Yes, AI certainly has its own hype train at this point, but it is also revolutionizing medical imaging by providing new opportunities for improving diagnosis, image analysis, and workflow optimization. ML models are already acknowledged for their contributions to diagnosis and predictive tooling for clinicians (e.g., Panayides 2020, Bera 2022, Yu 2024 among others). However, natural language processing (NLP) and deep learning also have growing appeal for combining and analyzing structured and unstructured data from medical images like medical records and clinical data in different formats (see Castiglioni 2021). While human validation is essential to any kind of AI model, the effort involved is a far cry from the tedious manual process of human interpretations for caches of documents, images, and patient records.

Hyped though it may be, there’s no doubt that AI offers a massive opportunity for increasing the speed and capacity of imaging analysis. It’s also becoming more widely credible and adopted in healthcare, academia, and biopharma. Many DRE users have been exploring this for years with structured data (like the Novartis DSAI Challenge), but now many more are exploring AI for medical imaging, genomics, and other unstructured data analysis across networks of global medical researchers. Other promising areas extend into drug development applications where AI/ML can be applied to model informed drug development (MIDD) and leverage diverse research collaborations on DREs for improved drug discovery. Combining the benefits of AI-backed analytics with secure data sharing is a recipe for high-impact research driving novel insights, analyses, and models that address complex medical challenges.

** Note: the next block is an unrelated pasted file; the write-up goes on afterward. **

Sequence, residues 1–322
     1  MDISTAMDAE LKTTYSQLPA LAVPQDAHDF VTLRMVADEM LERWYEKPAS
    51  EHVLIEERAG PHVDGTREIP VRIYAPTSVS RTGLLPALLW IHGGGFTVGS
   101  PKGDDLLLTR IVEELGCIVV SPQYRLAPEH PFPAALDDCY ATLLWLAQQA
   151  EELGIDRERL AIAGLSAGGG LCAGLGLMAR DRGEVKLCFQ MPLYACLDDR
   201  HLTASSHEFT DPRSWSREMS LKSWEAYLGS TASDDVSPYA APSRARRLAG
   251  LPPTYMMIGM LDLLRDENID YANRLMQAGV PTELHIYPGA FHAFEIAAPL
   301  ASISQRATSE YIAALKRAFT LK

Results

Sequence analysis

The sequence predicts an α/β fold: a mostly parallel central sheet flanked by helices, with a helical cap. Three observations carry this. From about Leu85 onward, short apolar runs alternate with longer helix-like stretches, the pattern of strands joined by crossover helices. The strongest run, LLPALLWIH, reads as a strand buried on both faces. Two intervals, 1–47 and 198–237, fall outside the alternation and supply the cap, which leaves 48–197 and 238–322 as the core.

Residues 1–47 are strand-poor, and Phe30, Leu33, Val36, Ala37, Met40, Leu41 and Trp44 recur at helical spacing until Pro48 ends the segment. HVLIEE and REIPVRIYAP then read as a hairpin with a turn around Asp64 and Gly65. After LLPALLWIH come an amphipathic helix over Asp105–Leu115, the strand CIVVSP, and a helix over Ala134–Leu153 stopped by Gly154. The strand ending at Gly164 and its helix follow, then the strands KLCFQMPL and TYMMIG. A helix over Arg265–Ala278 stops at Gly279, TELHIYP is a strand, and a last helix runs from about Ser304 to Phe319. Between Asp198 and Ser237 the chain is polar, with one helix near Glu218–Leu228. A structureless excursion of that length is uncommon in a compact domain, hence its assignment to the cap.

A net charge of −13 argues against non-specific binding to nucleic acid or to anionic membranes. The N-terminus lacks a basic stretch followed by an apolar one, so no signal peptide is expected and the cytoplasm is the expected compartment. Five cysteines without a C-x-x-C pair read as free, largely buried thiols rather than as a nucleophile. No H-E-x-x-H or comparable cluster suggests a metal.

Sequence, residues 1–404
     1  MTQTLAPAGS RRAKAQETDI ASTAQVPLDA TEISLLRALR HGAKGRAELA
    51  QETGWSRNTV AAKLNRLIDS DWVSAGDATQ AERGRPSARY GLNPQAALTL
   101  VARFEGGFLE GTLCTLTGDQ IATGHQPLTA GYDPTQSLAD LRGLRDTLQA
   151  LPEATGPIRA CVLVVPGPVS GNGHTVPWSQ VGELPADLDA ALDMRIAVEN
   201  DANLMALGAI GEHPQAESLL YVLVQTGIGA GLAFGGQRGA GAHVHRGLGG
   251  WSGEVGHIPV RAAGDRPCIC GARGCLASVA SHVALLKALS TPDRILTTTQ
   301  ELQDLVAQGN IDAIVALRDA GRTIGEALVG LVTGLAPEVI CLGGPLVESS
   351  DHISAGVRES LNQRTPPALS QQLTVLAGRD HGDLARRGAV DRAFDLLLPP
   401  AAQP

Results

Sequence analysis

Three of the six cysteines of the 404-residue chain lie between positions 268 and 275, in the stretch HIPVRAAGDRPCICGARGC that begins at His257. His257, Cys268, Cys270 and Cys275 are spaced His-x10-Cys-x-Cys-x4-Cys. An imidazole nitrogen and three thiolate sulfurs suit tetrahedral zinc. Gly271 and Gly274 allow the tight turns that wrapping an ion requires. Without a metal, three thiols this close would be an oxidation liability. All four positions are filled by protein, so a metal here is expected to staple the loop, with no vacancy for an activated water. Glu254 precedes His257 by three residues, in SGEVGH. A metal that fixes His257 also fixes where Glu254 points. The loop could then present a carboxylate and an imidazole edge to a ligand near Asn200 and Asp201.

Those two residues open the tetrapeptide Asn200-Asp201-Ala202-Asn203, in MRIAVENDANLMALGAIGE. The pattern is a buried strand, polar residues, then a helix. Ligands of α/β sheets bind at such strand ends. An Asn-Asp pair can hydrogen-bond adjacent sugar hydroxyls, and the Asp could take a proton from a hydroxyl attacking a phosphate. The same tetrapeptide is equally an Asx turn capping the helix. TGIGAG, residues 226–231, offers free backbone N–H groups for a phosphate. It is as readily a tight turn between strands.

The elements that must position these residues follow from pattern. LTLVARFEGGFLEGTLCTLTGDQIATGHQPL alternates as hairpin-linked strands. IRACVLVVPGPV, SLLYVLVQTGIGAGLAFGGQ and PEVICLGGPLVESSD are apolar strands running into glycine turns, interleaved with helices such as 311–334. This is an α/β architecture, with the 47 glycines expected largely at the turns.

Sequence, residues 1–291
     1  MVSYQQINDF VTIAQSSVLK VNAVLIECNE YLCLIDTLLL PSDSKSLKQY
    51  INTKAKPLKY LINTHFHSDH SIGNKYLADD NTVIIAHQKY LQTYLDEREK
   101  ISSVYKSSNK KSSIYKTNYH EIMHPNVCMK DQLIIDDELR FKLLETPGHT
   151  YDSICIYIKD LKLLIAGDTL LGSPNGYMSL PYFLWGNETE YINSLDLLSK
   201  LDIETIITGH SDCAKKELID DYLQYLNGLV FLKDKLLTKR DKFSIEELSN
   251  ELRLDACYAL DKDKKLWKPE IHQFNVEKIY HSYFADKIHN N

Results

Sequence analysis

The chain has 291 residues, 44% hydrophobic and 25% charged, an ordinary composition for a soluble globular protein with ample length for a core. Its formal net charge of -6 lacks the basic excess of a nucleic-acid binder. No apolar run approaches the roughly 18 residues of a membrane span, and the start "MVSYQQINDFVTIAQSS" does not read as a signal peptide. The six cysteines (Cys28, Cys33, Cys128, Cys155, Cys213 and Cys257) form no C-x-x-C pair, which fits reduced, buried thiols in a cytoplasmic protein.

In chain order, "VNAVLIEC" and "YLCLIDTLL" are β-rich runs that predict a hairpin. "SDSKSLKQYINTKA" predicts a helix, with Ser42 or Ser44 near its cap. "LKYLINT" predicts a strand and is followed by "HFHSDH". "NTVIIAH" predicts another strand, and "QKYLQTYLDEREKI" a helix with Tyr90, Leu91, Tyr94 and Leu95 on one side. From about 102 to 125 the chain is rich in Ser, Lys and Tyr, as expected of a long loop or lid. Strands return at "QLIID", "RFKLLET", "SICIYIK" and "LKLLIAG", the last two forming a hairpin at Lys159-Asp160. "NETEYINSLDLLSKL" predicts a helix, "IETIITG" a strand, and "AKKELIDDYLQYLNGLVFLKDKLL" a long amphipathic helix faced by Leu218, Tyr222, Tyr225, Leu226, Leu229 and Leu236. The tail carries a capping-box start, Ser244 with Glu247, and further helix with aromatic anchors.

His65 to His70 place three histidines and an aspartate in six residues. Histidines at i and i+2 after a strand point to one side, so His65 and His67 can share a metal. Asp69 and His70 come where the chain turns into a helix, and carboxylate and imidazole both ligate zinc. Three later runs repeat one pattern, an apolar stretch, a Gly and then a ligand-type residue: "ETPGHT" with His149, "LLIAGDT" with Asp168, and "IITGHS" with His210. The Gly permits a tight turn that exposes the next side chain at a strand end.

3. Data Handling and Management Challenges

Imaging data management typically includes combining a number of proprietary and open source medical imaging systems spanning data collection to data storage. For data owners, managing patient data in a secure and ethical manner is crucial for patient trust and compliance with laws governing data usage such as HIPAA, GDPR, CCPA, and many others. As a result, many systems are designed to operate in a tiered and role-based access model to control who has access to what, and ensure safe data handling. Where systems link in with a digital trusted research environment (DRE/TRE) like the Aridhia DRE, this can be automated and audited for security.

Imaging data is not small in size, so in addition to data indexing, curation, standardization, and anonymization/pseudonymization work that data owners must consider, they must also consider scalability and cost. The latter applies to storage costs just as much as it does to time spent managing and maintaining data. This is reflected by growing interest in leveraging big data management techniques, scalability from cloud computing, and improved imaging management software to enable wider data sharing.

What Comes Next?

Going forward, it will only become more important to combine different types of data and make it more widely available and interoperable for meaningful analysis. By enabling efficient data sharing, collaborative research, and evidence-based decision-making, patients will benefit from more personalized and effective treatments. This can only happen with a focus on FAIR data and collaboration though, which is why the DRE is a great catalyst by bringing together data and medical researchers. The whole goal is to improve patient lives, treatments, and preventative medicine – with medical imaging and tech pushing things forward, we’re moving in the right direction.